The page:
Nationals Go 13 Innings, Win on Lopez's Fly Ball
Nationals 5, Phillies 4

By Barry Svrluga
Washington Post Staff Writer
Thursday, April 19, 2007

If there is a game going late, and the Philadelphia Phillies and Washington Nationals are on the schedule, chances are they are the teams left on the field, long after the children are in bed, the stands have emptied, the local news has started. Last year, those two clubs went to extra innings four times, including a 14-inning marathon -- and that didn't include a rain-delayed fiasco that ended after 2 a.m. last September.

But at 11:22 p.m., Felipe Lopez finally ended last night's affair, a 5-4, 13-inning victory for the Nationals that meant different things to the different dugouts. For the Nationals, Lopez's sacrifice fly that scored Chris Snelling from third meant Chad Cordero's blown save didn't matter. Moreover, that fly ball to left -- which followed Snelling's single and a scorched double from newly recalled outfielder Michael Restovich -- provided the team's fourth victory in six games, a string of well-played ballgames that seemed highly unlikely just a week ago.

For the Phillies, times got tighter, and Manager Charlie Manuel -- who had already challenged a media member to a fight Tuesday night -- headed to the clubhouse with seven losses in his last nine, now a game behind laughed-at Washington, squarely in last place in the National League East.

"I'm glad it worked out the way it did," Nationals Manager Manny Acta said.

Among the absurd elements of this one: The teams combined to go 2 for 26 with runners in scoring position, and the Nationals were hitless in their last 14 such situations. The teams used every offensive reserve except Washington catcher Jesus Flores, so many so that Phillies left-hander Cole Hamels, a budding star of a starting pitcher, was inserted as a pinch hitter in the 11th -- and was promptly walked on five pitches by Nationals reliever Jesus Colome.

And in the 12th inning, long after most of the announced crowd of 18,584 had filed out of RFK, Phillies first baseman Ryan Howard -- facing an exaggerated shift by the Nationals -- hit a ground ball to second baseman Ronnie Belliard, who threw to third baseman Ryan Zimmerman, who was covering second and became the pivot man on a rare 4-5-3 double play.

How late was this? RFK's 10-foot-tall racing presidents -- usually a one-time show in the middle of the fourth inning -- appeared after the top of the 13th, an unprecedented second race of the night. (Teddy Roosevelt, once again, failed to win.) That these teams would be here late into the night wasn't surprising, but it merely lengthened an already long day for Manuel. Yesterday afternoon, Manuel spent time discussing an animated exchange he had with a Philadelphia radio host following Tuesday's loss, one in which Manuel challenged the man to a fight.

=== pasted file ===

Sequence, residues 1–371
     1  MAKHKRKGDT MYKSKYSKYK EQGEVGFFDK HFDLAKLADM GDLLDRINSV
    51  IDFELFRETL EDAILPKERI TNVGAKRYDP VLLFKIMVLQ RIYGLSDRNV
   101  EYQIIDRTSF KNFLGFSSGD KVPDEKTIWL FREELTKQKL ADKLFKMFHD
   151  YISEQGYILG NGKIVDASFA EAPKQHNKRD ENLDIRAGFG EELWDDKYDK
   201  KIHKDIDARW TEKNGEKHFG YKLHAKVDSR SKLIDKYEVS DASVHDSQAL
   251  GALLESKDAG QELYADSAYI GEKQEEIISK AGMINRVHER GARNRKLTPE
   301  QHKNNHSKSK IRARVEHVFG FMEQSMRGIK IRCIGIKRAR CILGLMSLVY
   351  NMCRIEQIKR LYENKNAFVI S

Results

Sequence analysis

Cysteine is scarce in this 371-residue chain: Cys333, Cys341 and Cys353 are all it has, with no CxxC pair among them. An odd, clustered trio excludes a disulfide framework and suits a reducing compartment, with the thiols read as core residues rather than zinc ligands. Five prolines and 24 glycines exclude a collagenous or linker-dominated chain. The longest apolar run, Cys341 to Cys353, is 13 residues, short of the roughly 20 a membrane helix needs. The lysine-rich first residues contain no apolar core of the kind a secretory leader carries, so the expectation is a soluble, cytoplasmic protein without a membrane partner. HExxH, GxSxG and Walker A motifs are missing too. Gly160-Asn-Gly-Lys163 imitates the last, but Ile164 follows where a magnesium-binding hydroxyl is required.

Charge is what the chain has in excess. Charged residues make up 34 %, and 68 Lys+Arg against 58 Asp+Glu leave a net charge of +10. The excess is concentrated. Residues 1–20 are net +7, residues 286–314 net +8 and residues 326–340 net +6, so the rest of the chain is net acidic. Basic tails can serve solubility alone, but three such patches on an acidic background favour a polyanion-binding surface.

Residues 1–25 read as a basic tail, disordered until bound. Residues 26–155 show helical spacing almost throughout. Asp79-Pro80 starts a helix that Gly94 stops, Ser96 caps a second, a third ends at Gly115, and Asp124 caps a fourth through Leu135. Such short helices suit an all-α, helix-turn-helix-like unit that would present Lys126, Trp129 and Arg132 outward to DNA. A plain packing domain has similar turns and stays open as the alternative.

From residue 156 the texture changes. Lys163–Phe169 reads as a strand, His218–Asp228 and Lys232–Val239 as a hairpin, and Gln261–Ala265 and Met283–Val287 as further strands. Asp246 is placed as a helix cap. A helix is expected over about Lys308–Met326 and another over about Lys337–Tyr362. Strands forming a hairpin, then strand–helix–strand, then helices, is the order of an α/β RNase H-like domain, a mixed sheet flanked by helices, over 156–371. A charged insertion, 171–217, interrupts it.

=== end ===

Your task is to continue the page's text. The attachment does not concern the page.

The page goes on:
"I can honestly tell you guys, it wasn't about the game or the fact that we're losing games," Manuel said. "That had nothing to do with that. . . .

"I think that I got questioned as to who I was as a man," Manuel continued. "You know how tough I am, and the only way I know to tell you guys how tough I am is you gotta see it or witness it or feel it or whatever."

These are, undoubtedly, tough times for the Phillies. Jimmy Rollins, their shortstop, brazenly predicted over the winter that Philadelphia would be the team to beat in the National League East, tossing aside the defending division champion New York Mets and the team that won the previous 14 titles, the Atlanta Braves.

Since then, not much has gone right for the Phillies, who have the reigning MVP in Howard and a stocked starting rotation. In fact, that overflow in the rotation led to yesterday's news that Jon Lieber would move from the bullpen to the rotation, swapping places with Brett Myers, potentially the ace of the staff, but who had a 9.39 ERA through three starts.

So the questions to Manuel came furiously. "Won't this be seen as a panic move?"

Manuel rocked back and forth, remaining calm. "I think this is a way of trying to help our pitching staff," he said.

Clearly, though, game-time temperature last night was 52 degrees, but in the Phillies dugout, things are a bit warmer.

But wander across to the Nationals' dugout. This club, all of 15 games into the season, was long ago labeled the worst team in baseball, an easy observation given the starting rotation with which it entered the season, not to mention a 1-8 start.

Yet because the front office has harped on the fact that it won't spend money this year, that every move made is intended to improve a far-off future, the Nationals have adopted Acta's stance. Worry? Why?

"We really have no pressure," third baseman Ryan Zimmerman said. "The only time we would have pressure is if we play well all year and we're in the pennant race. It's so early in the season, why should we press about anything? If you play that way, you play a lot better, and you can be a lot more successful."

The Nationals were successful last night because right-hander Jason Bergmann had his second straight solid outing, catcher Brian Schneider hit a three-run homer, and they overcame their own ineptness with runners in scoring position by getting scoreless relief from Micah Bowie, Jon Rauch, Colome, Ryan Wagner and Levale Speigner.

That helped take Cordero -- who entered the ninth with a 4-3 lead, but allowed the first two batters to hit singles -- out of his own misery.

"It helps," Cordero said. "But I still [stunk]."

For last night, though, what is expected of Cordero didn't matter. What is expected of the Nationals -- to finish in last by a mile -- didn't matter either.

"Expectations are just people's opinions, and that's it," Acta said. "Playing the game is another story."

After another long night, Manuel knows that all too well.

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